Take Your Best (Slap)shot
Even though this is a Wii game that is arguably focused on a more casual or younger audience, this title
isn’t lacking in licensed material or game modes. Not only do you get the full NHL license, but, EA is also
including the AHL and CHL leagues, and even Peewee and Bantam teams, giving you over 150 authentic teams. That’s likely far more than anyone will ever use, but it’s nice to see the developers didn’t skimp there.
Plenty of licensed teams, gear, stadiums, and music, not to mention Gary Thorne and Bill Clement with the call, are all complimented by a solid selection of gameplay modes. Available modes include Peewee To Pro, Season, Exhibition, Stanley Cup Final, and four mini-games. The Peewee To Pro mode is the deepest of the bunch and the most interesting. As you may know, “The Great One,” Wayne Gretzky is literally the cover athlete of this game and his likeness and inclusion in this game are evident. In Peewee To Pro, you can either play as Gretzky or be coached by him (if you create your own player) as you literally traverse the ranks of five leagues starting at Peewee and culminating in the NHL. Eventually, players will be drafted and traded, and maybe even participate in a lockout (kidding).
With the ability to play from Peewee to Pro, you may be wondering how the AI changes from one league to another. EA provided me the answer to this: in Peewee, there are no rules and the game is more focused on raw action. Animations are based around kids and the game is played 3-on-3. When you move up to Bantam play, players get bigger, skate better, take more accurate shots, and goalies also improve. CHL play includes all of the rules and regulations of the CHL and gameplay is just shy of the Pros. In the ANL and NHL, you will experience EA’s impressive AI that has made the NHL series on the 360 and PS3 the best hockey available since NHL 08.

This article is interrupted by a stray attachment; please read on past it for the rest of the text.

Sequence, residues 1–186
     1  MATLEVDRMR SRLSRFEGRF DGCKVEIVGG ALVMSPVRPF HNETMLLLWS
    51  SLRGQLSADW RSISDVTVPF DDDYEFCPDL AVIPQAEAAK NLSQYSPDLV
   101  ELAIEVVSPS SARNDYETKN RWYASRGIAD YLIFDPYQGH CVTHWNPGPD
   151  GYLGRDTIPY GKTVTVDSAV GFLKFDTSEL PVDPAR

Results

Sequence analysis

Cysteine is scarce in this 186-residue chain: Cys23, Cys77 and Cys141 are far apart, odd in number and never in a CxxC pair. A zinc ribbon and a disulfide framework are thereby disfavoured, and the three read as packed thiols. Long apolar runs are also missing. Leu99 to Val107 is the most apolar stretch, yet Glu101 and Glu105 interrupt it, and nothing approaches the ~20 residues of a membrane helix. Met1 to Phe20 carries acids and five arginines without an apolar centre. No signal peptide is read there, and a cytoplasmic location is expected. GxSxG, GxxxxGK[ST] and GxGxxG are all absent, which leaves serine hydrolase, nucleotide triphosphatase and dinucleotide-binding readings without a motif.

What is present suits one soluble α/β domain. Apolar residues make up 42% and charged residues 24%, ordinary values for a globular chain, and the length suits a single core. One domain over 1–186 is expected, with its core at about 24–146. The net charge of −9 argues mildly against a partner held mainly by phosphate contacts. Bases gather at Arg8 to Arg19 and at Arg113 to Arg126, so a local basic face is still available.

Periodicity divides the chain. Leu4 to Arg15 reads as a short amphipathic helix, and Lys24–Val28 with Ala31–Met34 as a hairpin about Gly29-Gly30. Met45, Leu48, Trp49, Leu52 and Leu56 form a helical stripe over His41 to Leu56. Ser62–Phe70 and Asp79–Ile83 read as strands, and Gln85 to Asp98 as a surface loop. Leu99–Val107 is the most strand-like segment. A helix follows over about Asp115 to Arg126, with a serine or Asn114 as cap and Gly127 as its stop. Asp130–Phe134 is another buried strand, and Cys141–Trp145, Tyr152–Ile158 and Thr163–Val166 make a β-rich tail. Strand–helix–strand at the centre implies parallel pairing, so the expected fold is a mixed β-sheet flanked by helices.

The other modes of play are a little more self explanatory, although the mini games are worth a closer look. I quickly discovered that these games are best played with up to three local friends (although out of the box, there is only one hockey stick controller included). The mini-games include Shooter Vs. Goalie, 2 Vs 2, Classic Shootout, and Free For All. My favorite of these turned out to be Free For All which can be pretty hilarious when played with friends as you each bump each other off of the puck to try and score. There’s little sense in playing these games alone, but, if you can get a friend or two playing, they’re worth a look.
Also of note is that the game does include the ability to update its roster and schedule online which is nice to see on the Wii.
It doesn’t matter how many teams or players the game has unless it controls well and is fun to play. For Wii games, that is often the biggest hurdle. In NHL Slapshot, I thought the dev team did a great job in getting players accustomed to the hockey stick controller quickly. When you first boot up the game, one of the developers appears and gives a brief tutorial on how to put your Wiimote and Nunchuck into the stick controller.